Israeli Court Holds Up Auction of Historic Recordings, Presidential Memorabilia

State requested a restraining order to prevent sale that includes historic recordings from state’s founding, Sadat’s visit, and items from the estate of Yitzhak Ben-Zvi, Israel’s second president

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For sale: The reel of the recording of the ceremony declaring the state of Israel on May 14, 1948.
For sale: The reel of the recording of the ceremony declaring the state of Israel on May 14, 1948. Credit: Screenshot/Pentagon Auction House
Ofer Aderet
Ofer Aderet

An Israeli court issued on Thursday a stay holding up the auction, set for Saturday, of several historical items deemed to be of public and national importance.

The items include reels of recordings of the declaration of Israel, Egyptian President Anwar Sadat’s visit and interviews with public figures, all from the state broadcast authority’s archive. They also include an ivory key that Yitzhak Ben-Zvi, Israel’s second president, received on a visit to Africa in 1962 and a notebook classified as “secret” containing a summary of the 1956 Sinai campaign two days after it ended.

As Haaretz reported last month, the items appeared on the website of auction house Pentagon, which is based in Petah Tikva.

The stay was issued at the request of the state prosecutor, which stated that it was moving to prevent “the disappearance of items constituting state property of historic and cultural importance from the public sphere,” and “to prevent irreparable damage.” The prosecutor stated the items constitute “a stage of Israel’s history and their place is in the state’s hands.”

Israel's second president, Yitzhak Ben-Zvi, sitting in his office in 1958. Credit: Fritz Cohen/GPO

The stay does not include other items from Ben-Zvi’s estate slated for the auction, including his will, a family photo album and silverware etched with his monogram. The state prosecutor argues that the items held up from the auction “regrettably ended up outside the state’s hands” and that “it’s uncertain who the sellers are.”

A Haaretz investigation found that the second president’s family sold the items from his estate to an antiques dealer. Ben-Zvi’s granddaughter told Haaretz that the sale was “a regrettable mishap.” The tape reels, it turned out, had been stored originally in the Israel television building in Jerusalem before the broadcast authority was dismantled.

Pentagon’s owner Eyal Iliya told Haaretz he acquired the items up for sale from various clients, who he says bought them or received them legally. Regarding Ben-Zvi’s estate, Iliya said he saw the signed sale agreement between the former president’s family and the buyer. Iliya asserted that the tape reels were discarded in the trash during the transition from the Broadcast Authority to the Kan Broadcasting Corporation, and therefore the public auction “saved history.” He added, “The state institutions don’t know how to preserve their own treasures.”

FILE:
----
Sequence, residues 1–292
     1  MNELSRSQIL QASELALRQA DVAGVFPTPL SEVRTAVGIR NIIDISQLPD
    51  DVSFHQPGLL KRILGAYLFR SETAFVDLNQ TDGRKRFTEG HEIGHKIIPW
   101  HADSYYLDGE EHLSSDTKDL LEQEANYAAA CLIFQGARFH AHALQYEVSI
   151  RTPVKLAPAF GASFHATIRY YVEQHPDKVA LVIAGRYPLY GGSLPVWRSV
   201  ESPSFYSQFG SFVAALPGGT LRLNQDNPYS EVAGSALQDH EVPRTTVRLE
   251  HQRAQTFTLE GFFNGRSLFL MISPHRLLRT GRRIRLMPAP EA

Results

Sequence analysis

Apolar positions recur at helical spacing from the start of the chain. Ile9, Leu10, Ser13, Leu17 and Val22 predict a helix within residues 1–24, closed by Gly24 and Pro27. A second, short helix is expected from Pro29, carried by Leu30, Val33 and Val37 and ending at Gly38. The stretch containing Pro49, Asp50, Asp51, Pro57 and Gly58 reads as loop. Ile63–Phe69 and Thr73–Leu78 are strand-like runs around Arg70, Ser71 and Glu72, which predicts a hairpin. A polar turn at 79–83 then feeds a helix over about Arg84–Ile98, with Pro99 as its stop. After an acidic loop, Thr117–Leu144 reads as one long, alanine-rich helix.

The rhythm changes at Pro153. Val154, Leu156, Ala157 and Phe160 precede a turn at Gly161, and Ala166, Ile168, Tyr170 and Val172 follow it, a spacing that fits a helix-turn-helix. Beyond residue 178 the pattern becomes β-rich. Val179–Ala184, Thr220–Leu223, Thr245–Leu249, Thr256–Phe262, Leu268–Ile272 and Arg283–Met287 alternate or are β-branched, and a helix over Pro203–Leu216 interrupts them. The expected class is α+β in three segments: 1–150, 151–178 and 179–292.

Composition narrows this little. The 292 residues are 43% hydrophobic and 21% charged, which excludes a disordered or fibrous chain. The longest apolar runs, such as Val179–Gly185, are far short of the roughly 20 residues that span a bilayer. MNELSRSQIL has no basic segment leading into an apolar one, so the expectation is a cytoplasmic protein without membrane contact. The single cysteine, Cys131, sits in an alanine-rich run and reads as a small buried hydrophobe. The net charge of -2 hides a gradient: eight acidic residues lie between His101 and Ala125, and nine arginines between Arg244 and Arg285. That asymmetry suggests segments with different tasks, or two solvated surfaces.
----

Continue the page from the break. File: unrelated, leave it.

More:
Kan commented the tapes never made it to its archive, stating that “the broadcast authority’s receiver was legally responsible upon its closing to transfer the materials in organized fashion to the corporation.”

Some of the items being auctioned off, including a pipe, an ivory key and a historic recording. Credit: Screenshot/Pentagon Auction House

The state has intervened to halt the public sales of historical items of national importance. The archives law is unclear about which items qualify as being of such public importance that they must be put in state hands. The state attorney general’s office is reviewing the legality of sales of such items, aiming to amend the 1955 law.

Last summer, Attorney General Avichai Mendelblit petitioned the Jerusalem District Court to stop the sale of a notebook containing rabbinical court rulings from the Bergen-Belsen displaced person camp so it could go to the Yad Vashem Holocaust memorial instead. Last year, the High Court of Justice ordered that a draft of Israel’s declaration of independence be handed over to the state archive before it could be auctioned off by the family of the Jerusalem lawyer who wrote it. The court ruled then in its precedent-setting decision that there is a duty to return cultural assets and that this was a clear case of “unique public interest.”

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